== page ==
Within the DE-OS No. 2 731 259 the preparation of substituted benzylformate in o-position through electron-attracting radicals, such as nitro-, cyane- or halogen-, is discussed, but no reference is given to the preparation of benzyl alcohols. The disadvantage of this well known process residues in that the formation of benzylformates derived from benzylhalide and sodium formate requires large amounts of solvents, such as dimethyl sulfoxide, dimethyl formamide or hexamethyl-phosphoric acid triamide and that the benzylformates have to be separated from the solvents through the addition of large amounts of water. In this way, the space- time- yield diminishes with the presence of large amounts of solvents. In order to regain the expensive solvents which are soluble with water in unlimited amounts, large quantities of water have to be evaporated, making the process complicated and economically unsound.
The presented invention is addressed to the problem of supplying an economically improved procedure for the preparation of benzyl alcohols and benzyl alcohols substituted in the benzene ring, for example xylyleneglycols, which can be carried out from a commercial point of view without large structural apparatus and which provides good yields within short reaction times.
The foregoing objects are fulfilled in accordance with the invention by contacting a benzylhalide especially where the halide is chlorine and/or bromine or a substituted benzylhalide such as xylylenedihalide with an alkali metal or alkaline earth metal formate and subjecting the resultant benzyl formate so formed to trans-esterification in order to form benzyl alcohols or xylyleneglycols, as the case may be.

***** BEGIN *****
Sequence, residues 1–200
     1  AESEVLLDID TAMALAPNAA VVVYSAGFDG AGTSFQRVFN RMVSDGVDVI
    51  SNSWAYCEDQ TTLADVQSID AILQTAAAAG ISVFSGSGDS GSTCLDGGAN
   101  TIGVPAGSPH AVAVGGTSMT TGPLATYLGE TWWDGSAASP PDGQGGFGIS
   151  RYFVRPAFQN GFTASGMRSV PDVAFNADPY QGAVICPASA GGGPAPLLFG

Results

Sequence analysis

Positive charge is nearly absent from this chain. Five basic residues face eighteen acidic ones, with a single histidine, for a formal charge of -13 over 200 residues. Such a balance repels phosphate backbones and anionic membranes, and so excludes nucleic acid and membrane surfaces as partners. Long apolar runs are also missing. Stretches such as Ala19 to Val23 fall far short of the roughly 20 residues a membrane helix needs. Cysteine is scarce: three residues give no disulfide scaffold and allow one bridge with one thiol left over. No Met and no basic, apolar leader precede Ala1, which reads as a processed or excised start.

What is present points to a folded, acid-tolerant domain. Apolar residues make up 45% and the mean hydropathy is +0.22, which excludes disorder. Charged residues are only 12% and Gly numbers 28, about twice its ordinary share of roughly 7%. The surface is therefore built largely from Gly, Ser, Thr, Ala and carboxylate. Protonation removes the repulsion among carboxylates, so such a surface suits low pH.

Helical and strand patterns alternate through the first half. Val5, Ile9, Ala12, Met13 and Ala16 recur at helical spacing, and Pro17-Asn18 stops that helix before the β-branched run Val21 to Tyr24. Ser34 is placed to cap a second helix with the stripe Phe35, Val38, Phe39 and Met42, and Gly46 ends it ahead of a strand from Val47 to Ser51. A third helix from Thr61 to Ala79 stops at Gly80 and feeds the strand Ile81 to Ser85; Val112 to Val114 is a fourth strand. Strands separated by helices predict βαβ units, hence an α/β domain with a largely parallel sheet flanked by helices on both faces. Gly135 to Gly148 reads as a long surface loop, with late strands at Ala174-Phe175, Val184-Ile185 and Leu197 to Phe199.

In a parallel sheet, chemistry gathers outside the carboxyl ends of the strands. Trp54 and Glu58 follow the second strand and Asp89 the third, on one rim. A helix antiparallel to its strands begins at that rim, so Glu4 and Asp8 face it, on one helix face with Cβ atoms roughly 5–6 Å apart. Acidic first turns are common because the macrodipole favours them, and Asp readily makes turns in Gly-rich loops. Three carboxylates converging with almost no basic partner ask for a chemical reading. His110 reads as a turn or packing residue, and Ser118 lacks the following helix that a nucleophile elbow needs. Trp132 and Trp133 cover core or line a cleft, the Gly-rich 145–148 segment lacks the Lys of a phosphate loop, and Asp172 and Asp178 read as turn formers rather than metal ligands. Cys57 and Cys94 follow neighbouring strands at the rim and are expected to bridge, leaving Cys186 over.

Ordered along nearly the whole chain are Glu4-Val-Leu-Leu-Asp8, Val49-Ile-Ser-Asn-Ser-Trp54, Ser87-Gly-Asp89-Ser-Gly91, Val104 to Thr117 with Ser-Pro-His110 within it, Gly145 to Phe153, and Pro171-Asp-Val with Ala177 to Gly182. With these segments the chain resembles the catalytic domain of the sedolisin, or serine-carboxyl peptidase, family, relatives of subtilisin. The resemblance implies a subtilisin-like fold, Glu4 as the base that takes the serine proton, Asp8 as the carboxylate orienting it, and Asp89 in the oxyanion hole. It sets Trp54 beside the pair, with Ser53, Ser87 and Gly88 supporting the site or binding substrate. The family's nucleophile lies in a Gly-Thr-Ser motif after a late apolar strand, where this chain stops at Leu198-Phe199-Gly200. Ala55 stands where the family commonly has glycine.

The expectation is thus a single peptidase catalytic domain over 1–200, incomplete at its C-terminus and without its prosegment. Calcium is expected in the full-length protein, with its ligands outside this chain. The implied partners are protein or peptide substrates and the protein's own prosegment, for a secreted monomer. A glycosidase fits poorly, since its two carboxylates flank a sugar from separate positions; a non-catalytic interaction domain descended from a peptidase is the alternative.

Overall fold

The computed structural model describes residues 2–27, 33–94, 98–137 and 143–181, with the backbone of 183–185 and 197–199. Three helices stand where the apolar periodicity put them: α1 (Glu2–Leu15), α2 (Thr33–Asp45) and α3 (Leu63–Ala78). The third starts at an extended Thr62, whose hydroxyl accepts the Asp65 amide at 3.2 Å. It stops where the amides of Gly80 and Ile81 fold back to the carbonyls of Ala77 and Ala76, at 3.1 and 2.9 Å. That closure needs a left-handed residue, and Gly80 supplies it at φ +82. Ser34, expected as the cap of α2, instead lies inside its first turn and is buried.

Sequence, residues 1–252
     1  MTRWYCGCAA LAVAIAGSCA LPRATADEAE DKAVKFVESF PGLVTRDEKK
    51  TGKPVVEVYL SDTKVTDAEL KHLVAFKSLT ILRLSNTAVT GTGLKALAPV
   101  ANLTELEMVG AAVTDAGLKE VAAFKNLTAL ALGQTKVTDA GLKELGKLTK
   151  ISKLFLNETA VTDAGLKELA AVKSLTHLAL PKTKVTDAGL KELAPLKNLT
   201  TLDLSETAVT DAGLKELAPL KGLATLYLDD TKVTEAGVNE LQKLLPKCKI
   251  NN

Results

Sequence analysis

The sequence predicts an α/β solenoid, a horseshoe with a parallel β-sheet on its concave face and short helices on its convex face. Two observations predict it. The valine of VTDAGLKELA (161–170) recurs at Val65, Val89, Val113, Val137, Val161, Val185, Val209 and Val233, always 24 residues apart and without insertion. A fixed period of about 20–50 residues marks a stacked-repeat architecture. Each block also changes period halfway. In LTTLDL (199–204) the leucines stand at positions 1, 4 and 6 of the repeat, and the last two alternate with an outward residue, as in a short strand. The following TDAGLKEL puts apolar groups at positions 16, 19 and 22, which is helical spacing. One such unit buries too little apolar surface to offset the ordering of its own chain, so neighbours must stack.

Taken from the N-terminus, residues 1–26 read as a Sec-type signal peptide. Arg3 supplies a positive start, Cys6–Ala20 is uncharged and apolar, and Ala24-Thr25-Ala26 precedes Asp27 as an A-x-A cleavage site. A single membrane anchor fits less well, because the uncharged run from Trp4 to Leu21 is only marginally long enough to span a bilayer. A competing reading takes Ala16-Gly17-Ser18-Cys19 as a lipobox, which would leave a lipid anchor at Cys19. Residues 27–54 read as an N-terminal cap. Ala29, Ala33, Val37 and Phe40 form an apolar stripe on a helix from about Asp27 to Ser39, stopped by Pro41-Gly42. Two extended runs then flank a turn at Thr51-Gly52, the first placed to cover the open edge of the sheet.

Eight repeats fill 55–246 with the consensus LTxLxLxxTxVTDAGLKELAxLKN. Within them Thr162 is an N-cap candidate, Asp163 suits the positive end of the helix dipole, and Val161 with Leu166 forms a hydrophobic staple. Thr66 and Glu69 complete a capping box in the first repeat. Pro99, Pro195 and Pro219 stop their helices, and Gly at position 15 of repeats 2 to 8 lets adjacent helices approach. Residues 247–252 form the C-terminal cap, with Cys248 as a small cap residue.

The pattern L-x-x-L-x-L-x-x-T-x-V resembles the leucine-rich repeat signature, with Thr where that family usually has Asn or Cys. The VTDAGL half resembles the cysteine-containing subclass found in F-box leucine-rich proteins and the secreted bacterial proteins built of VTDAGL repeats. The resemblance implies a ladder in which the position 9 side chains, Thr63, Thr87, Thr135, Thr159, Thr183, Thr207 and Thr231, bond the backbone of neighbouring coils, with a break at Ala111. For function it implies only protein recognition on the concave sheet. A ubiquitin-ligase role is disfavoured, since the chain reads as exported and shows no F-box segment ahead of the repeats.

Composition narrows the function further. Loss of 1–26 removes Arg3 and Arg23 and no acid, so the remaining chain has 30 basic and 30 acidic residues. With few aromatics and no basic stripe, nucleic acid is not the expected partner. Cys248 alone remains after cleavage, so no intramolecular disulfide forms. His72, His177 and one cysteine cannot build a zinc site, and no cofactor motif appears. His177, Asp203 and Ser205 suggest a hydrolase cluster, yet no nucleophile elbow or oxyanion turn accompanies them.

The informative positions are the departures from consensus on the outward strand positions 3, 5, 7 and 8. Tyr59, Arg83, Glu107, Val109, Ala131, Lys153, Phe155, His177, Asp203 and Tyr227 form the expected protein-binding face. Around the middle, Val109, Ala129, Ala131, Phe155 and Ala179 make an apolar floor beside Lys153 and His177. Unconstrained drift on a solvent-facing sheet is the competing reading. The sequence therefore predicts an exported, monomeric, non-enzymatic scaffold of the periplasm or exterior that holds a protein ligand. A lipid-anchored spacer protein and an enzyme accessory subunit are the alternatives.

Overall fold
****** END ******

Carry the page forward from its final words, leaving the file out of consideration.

Fundamentally, the conversion to benzyl formate as well as substituted benzyl formates can be achieved without the use of an inert solvent for the substituted or unsubstituted benzylhalide and/or the admixed alkali metal or alkaline earth formate.
The conversion without the use of a solvent takes place in an advantageous manner, namely, in the heterogenous phase whereby the alkali metal and/or alkaline earth metal formate constitute the solid phase and the benzylhalide or xylylenehalide constitute the liquid phase.
The conversion occurs at or above the melting point of the admixed halide, but below the disintegration temperature of the developing or admixed formates or admixed halides and below the melting points of the alkali metal and/or alkaline earth metal formates. In general, during preparation of benzyl formates or xylyleneglycolbisformates one works with temperatures in the area of 100° to 250° C., preferably between 110° and 200° C. Depending on the reaction components, temperatures may range below or above the range mentioned above.
According to the invention, unsubstituted as well as substituted benzyl chlorides and/or -bromides in singular or multiple form (also nuclearly-substituted) are suitable for the conversion with alkali- and/or alkaline earth formates.
For example, nuclear-substituted benzylhalides are such as shown in the general formula ##STR1## where the substituents represent are: Y=halogen, especially Cl or Br and/or alkyl groups, (n=0 to 5, preferably 0 to 2),
W=CH2 --X, (a=0 to 5, preferably 0 to 2)
Z=OH and/or alkoxy and/or phenoxy groups (b=0 to 3, preferably 0 to 2),
A=nitro groups and/or nitrile groups (c=0 to 2) whereby a+b+n+c=1 to 5, preferably 1 to 3 and where X represents chlorine or bromide.
Considered as alkyl groups or alkoxy groups are those with from 1 to 8, preferably 1 to 4 C- atoms, in a straight or branched chain, especially methyl- or methoxy groups.
The phenoxy groups can contain substituents, such as Cl- or Br- or the above mentioned substituents, such as alkyl groups. The substituents of the benzene ring of the phenoxy group can be similar or different to the substituents of the benzene ring shown in the formula.